On August 30, the California State Assembly approved the creation of a new, potentially spectacular hiking trail stretching from San Francisco Bay some 300 miles north to Humboldt Bay, not far from the Oregon border. This vote followed the state Senate’s approval earlier in the year so now only the governor’s signature is needed before the first shovelfuls of dirt start flying.

The trail, still only a hopeful idea at this point, is called the Great Redwood Trail. It would follow the nearly defunct Redwood Empire Route, a rail line owned by a publicly owned agency called the North Coast Railroad Authority, a major money-loser for the state, which is massively in debt. The bill that’s passed the California state legislature, sponsored by state Sen. Mike McGuire, would get rid of the railroad company and replace it with a new organization called the Great Redwood Trail Agency.

Oh, but there are stumbling blocks.


Primarily, the cost.

It’s estimated that the price could soar into the hundreds of millions of dollars. Repairs would need to be made where the trail crosses railroad lines and organizers would have to conduct studies about congestion and a general plan for the trail. All of that before any actual construction takes place.

The cost seems shockingly high for a trail but it has plenty of backers.


The League of Conservation Voters, the Sierra Club, the California Transportation Commission, and Trout Unlimited, among other organizations, all support the Great Redwood Trail.

The route would pass through a tremendous variety of landscapes and topography, from the golden, rolling hills of wine country though the Eel River watershed (once, and possibly again, one of the most productive salmon fisheries on the West Coast), before winding through towering redwood forests and arriving at the stunning Humboldt Bay, home to countless seabirds and herds of bugling elk.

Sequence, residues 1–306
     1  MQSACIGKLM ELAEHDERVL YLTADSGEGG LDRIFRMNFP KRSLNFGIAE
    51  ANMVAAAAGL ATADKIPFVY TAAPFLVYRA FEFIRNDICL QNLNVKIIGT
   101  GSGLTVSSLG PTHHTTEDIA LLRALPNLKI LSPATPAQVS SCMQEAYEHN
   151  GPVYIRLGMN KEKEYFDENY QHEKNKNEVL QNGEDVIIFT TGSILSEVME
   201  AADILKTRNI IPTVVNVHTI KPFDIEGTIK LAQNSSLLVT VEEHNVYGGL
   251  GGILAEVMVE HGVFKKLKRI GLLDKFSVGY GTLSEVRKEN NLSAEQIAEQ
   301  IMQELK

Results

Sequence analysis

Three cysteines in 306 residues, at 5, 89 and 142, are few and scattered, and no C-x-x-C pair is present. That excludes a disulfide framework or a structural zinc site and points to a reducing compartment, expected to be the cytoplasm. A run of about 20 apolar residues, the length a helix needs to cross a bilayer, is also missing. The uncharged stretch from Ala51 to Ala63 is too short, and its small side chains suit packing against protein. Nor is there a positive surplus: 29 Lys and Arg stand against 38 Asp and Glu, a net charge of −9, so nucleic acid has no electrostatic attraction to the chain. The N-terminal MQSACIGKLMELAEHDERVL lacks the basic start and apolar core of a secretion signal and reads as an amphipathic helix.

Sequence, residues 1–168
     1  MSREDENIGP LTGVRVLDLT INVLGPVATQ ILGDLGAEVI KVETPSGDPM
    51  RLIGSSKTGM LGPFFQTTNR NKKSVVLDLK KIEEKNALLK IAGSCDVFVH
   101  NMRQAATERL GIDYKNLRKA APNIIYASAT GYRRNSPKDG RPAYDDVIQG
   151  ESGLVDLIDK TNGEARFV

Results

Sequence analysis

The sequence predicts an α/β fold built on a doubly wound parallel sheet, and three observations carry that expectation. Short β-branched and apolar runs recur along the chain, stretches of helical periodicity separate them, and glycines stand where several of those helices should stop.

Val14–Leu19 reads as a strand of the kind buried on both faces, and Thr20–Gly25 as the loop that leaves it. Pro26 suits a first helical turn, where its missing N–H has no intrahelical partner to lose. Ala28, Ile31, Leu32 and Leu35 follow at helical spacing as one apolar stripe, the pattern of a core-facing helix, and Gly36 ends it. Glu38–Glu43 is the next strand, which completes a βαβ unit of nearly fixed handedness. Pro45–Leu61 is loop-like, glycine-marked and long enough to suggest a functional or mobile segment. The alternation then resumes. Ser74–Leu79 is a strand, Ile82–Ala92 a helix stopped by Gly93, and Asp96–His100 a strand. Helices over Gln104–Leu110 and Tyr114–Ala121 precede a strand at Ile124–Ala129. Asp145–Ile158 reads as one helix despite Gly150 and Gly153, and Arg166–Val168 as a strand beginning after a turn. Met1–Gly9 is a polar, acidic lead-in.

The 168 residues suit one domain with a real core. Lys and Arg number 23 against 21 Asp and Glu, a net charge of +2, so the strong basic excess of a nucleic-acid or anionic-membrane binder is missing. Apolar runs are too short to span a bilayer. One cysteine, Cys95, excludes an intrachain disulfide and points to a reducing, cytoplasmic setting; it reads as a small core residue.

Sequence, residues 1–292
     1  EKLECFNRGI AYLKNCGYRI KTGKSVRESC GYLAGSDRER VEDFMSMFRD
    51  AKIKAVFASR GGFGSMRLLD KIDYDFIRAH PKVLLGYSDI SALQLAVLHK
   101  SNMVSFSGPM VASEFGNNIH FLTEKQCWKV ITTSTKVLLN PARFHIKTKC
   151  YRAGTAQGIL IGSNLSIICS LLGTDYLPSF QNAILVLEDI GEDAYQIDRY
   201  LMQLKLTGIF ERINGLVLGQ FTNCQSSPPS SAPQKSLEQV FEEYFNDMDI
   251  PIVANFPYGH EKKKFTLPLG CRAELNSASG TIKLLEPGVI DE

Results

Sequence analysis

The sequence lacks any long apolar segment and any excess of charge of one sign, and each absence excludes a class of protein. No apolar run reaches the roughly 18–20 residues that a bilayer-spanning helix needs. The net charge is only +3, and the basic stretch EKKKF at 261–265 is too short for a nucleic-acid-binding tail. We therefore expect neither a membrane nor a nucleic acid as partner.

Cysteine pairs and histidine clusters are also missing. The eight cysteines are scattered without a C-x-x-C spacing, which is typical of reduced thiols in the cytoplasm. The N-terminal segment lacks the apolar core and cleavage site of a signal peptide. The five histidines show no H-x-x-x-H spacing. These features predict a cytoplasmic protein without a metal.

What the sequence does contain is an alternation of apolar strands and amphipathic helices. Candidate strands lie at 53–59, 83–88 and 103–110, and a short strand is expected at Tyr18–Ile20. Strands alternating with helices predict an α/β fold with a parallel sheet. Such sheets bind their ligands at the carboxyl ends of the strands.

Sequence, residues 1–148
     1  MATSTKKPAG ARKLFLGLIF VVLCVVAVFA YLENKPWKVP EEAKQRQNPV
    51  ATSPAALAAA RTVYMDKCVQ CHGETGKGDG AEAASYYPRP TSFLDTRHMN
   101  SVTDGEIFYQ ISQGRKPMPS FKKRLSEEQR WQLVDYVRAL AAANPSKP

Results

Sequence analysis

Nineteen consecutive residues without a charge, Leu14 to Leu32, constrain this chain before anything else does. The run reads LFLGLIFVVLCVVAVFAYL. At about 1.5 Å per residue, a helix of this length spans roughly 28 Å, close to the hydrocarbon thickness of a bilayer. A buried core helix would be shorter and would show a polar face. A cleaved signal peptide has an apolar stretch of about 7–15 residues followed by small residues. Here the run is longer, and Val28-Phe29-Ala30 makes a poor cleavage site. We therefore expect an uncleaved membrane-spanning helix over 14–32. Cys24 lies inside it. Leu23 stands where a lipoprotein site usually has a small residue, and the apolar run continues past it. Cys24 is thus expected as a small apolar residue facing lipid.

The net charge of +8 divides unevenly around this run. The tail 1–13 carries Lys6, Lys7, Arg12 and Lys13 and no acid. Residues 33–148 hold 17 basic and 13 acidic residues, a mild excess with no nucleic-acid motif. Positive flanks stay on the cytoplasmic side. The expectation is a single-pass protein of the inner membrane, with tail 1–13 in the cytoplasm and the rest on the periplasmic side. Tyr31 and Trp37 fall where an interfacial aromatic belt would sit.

“This is truly an incredible piece of earth,” said McGuire in a statement. “From the San Francisco Bay, through the incredible beauty of wine country, alongside the glistening banks of the Russian and Eel rivers, into the stunning old growth redwood forests, and up to and around panoramic Humboldt Bay.”

It’s also one a piece of earth that could really use more good backcountry camping options. Being so close to the bustling Bay Area, the northern part of California west of the Sierra is surprisingly short of accessible, quality campsites that don’t require planning ahead months in advance to secure. If the California State Parks can swing it financially, establishing backcountry campsites or at the very least allowing primitive dispersed camping along the new trail would do wonders to relieve the pressure of finding a place to sleep outside within a couple hours drive of northern California’s population centers.

Rewilding the Eel River watershed might also help to bring the salmon population back to levels that at least somewhat approach what they were historically. Salmon runs today in the area are down to between 10,000 and 15,000 fish per year, where they once spawned in the hundreds of thousands.

A voyage on foot through some of the country’s finest scenery, re-establishing native fish populations, and helping to possibly revitalize rural northern California communities, the Great Redwood Trail would be a alluring addition to the adventuring and camping options in the state. One that would take its place among other legendary thru-hikes in the state like the High Sierra, John Muir, and Pacific Crest trails. There’s always room for more trails.

Photo top: Scrubhiker; middle: Jan Hazevoet